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Former Warden and Two Jailers Sentenced for Philadelphia Jail Beating

Former Warden and Two Jailers Sentenced
for Philadelphia Jail Beating

A former warden and two former guards were sentenced in federal court for their roles in connection with the severe beating of a federal prisoner who was being held at a Philadelphia jail.

Donti Hunter, the former Philadelphia jail prisoner, was being held in the jail after pleading guilty to leading a violent Mantua crack-cocaine gang and agreeing to testify against his gang and the counselor who had helped him escape in 1996. On March 11, 1999, Reginald Steptoe, 40, a former guard, took offense at Hunter's grabbing from a sergeant's hand some marijuana which had been found in Hunter's cell, running to an adjoining cell, and flushing the evidence.

Steptoe beat Hunter bloody using a pair of handcuffs as brass knuckles. Cornell Tyler, 40, another former guard, assisted in the beatings. The beatings continued even after Hunter was subdued and handcuffed. Hunter suffered wounds to the face and scalp requiring nineteen-stitches to close and was hospitalized for several days as a result of the beating.

Glen Guadalupe, formerly the deputy warden of Curran-Fromhold Correctional Facility, instituted a cover up by ordering a guard lieutenant to lie about the beating. Guadalupe was convicted of obstruction of justice in federal court and sentenced on August 7, 2003, to 15 months in federal prison followed by two years of probation. District Judge William H. Yohn, Jr. justified his deviation from the 24 to 30 months called for in the sentencing guidelines by stating that he believed Guadalupe deserved some leniency. The justification for the leniency is difficult to comprehend. Guadalupe has yet to accept responsibility or express remorse for his criminal actions (factors which allow for leniency in sentencing under the guidelines). On the contrary, he maintains that he did nothing wrong.

On July 31, 2003, the same federal judge sentenced Steptoe to 30 months in federal prison. Yohn again ordered a lighter sentence than the 57 to 71 months the sentencing guidelines called for. Yohn justified the reduced sentence by ruling that Hunter instigated the incident by fleeing from the cell search, attempting to destroy evidence and punching Steptoe in the eye as he was being handcuffed.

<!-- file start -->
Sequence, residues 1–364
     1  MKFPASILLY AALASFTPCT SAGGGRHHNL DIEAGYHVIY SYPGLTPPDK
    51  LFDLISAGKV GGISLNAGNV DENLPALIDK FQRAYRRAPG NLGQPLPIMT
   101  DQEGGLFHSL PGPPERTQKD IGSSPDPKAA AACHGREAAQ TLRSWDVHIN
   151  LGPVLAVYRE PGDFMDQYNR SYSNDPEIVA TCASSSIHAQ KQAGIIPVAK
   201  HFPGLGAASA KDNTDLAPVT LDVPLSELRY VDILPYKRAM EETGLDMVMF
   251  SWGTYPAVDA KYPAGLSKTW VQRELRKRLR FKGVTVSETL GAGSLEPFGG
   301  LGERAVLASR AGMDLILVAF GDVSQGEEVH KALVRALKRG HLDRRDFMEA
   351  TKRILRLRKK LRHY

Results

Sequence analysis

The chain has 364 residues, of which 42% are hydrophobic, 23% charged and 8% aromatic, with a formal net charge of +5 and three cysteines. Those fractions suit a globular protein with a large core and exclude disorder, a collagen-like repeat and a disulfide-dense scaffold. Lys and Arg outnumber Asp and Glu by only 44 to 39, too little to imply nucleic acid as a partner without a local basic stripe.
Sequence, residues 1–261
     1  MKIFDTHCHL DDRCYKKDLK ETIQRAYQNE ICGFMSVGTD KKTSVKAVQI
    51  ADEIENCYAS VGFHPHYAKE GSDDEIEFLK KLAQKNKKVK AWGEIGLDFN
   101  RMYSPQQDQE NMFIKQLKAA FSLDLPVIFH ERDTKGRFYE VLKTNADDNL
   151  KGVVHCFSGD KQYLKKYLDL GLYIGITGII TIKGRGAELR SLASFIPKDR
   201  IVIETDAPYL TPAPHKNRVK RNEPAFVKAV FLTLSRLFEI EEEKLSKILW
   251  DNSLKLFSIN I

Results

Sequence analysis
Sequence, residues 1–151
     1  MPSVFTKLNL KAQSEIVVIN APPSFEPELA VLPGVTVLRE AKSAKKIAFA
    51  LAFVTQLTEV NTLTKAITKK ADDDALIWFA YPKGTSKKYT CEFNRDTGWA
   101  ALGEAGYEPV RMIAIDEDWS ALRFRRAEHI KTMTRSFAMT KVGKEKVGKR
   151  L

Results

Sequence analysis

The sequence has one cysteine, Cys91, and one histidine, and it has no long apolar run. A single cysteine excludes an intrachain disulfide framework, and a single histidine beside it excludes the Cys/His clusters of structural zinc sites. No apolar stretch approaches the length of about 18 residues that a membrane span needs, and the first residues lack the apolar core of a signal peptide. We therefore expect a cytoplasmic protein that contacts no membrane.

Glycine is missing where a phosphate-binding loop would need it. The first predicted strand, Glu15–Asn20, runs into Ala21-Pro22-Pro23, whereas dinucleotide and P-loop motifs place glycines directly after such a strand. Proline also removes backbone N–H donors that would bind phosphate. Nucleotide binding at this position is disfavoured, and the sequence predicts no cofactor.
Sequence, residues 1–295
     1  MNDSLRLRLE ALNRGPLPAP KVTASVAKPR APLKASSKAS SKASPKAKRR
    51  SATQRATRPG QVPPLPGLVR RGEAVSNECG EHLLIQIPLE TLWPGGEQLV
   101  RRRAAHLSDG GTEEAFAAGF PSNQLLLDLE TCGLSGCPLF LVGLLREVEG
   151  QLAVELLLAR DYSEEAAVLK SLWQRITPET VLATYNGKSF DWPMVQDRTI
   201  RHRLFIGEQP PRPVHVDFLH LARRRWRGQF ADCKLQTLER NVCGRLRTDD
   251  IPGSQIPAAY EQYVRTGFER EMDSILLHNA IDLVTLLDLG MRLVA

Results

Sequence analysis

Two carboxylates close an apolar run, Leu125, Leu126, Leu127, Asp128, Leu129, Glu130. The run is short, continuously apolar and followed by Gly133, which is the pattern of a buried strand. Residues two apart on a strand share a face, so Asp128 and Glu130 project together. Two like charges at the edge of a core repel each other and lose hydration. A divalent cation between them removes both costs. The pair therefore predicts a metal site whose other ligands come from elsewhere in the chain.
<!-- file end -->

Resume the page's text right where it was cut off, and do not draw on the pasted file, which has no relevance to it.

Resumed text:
Expressing sympathy for Steptoe, Yohn said, "I know this is a very difficult time for you and your family. I know that after you pay your debt to society that you'll be a good citizen, and a productive citizen, for rest of your life." Yohn imposed only a nominal $600 fine, noting that Steptoe had lost his job and pension and "has no net worth."

Tyler was due to be sentenced on August 21, 2003. He also face a guideline- recommended sentence of 57 to 71 months in federal prison. According to prosecutor Anthony J. Wzorek, the lenient sentences will probably not be appealed by the government.

In 2002, Philadelphia settled a civil-rights lawsuit by paying Hunter $125,000. [PLN, June 2003, p.36]. The same jury which convicted Steptoe, Tyler and Guadalupe in 2002, acquitted guards Albert Payne, Anthony Black and retired Sgt. Dennis Hardeman of related criminal charges. One wonders if the guards are amazed that the informant they beat informed on them.

Sources: Philadelphia Inquirer, Associated Press, Philadelphia Daily News.

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